This will pin to that commit and install $/goimports-v0.0.0-20200519204825-e64124511800

Installing (and pinning) multiple versions:

This will pin and install three versions of goimports. Very useful to compatibility testing.

Unpinning goimports totally from the project:

PS: go get allows that, did you know? I didn’t (:

Editing .mod file manually. You can totally go to .bingo/goimports.mod and edit the version manually. Just make sure to bingo get goimports to install that version!

Installing all tools:

Bonus: Makefile mode! If you use Makefile , bingo generates a very simple helper with nice variables. After running any bingo get command, you will notice .bingo/Variables.mk file. Feel free to include this in your Makefile ( include .bingo/Variables.mk on the top of your Makefile).

From now in your Makefile you can use, e.g. $(GOIMPORTS) variable which reliably ensures a correct version is used and installed.

Bonus number 2! Using immutable names might be hard to maintain for your other scripts so bingo also produces environment variables you can source to you shell. It’s as easy as:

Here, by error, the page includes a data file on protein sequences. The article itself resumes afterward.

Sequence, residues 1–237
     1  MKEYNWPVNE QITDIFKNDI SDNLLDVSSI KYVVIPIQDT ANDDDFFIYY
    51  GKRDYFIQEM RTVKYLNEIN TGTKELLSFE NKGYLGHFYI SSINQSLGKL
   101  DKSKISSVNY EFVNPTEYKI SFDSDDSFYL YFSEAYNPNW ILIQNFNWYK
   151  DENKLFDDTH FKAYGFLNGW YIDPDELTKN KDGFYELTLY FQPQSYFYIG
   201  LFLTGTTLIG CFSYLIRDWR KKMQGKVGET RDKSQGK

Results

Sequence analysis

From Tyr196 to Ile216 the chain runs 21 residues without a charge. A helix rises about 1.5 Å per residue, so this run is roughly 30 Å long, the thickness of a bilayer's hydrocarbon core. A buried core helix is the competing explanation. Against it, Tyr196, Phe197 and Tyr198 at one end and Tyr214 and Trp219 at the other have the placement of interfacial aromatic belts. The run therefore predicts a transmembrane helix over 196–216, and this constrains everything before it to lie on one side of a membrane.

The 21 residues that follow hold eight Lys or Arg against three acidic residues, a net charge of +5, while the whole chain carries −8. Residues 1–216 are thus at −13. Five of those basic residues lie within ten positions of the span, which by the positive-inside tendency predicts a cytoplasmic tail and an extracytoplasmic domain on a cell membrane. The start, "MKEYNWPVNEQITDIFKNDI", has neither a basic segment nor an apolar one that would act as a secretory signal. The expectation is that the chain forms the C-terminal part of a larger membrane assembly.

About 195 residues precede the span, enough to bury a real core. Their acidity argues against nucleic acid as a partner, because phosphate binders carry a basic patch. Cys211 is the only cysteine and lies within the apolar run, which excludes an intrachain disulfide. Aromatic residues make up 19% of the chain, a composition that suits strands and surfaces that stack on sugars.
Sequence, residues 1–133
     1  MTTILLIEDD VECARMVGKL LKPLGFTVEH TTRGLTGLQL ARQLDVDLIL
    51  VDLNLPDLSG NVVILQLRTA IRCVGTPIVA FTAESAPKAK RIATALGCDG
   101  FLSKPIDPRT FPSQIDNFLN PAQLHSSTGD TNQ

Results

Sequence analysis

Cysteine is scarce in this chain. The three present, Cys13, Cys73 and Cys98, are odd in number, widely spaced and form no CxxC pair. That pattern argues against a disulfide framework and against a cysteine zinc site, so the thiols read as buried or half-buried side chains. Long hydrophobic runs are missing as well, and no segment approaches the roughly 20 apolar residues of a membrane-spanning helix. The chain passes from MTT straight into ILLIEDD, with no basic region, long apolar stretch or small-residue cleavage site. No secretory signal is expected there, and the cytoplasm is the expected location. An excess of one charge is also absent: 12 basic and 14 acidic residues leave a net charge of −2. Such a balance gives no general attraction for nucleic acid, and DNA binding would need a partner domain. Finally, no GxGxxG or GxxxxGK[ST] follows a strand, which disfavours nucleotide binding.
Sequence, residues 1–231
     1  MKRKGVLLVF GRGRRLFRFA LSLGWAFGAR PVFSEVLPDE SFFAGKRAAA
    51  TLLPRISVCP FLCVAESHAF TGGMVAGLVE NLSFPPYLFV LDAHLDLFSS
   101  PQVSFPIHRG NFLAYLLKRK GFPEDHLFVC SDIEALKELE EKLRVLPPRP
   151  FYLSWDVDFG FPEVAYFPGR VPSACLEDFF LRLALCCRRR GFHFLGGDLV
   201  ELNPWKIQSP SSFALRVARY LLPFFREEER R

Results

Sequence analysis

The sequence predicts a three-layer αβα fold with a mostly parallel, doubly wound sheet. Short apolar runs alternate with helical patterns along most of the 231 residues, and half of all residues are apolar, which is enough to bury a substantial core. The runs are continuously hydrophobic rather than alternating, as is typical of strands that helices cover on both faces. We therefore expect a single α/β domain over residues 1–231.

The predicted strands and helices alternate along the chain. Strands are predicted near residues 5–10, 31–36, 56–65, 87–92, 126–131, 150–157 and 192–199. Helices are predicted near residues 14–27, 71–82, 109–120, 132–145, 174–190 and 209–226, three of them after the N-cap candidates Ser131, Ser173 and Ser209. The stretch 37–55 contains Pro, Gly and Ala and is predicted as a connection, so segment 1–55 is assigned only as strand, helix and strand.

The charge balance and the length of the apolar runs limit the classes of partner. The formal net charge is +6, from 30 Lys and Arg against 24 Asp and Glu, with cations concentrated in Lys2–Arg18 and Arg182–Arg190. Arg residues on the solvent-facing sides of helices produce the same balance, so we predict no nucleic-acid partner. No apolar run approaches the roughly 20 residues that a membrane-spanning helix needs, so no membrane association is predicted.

From now on you can use, e.g. $(GOIMPORTS) variable which holds currently pinned binary name of the goimports tool.

To see production example see:

Any contributions are welcome! Just use GitHub Issues and Pull Requests as usual. We follow Thanos Go coding style guide.

@bwplotka inspired by Paul’s research and with a bit of help from Duco (:

About

Like `go get` but for Go tools! CI Automating versioning of Go binaries in a nested, isolated Go modules.

Like `go get` but for Go tools! CI Automating versioning of Go binaries in a nested, isolated Go modules. – bwplotka/bingo ]]>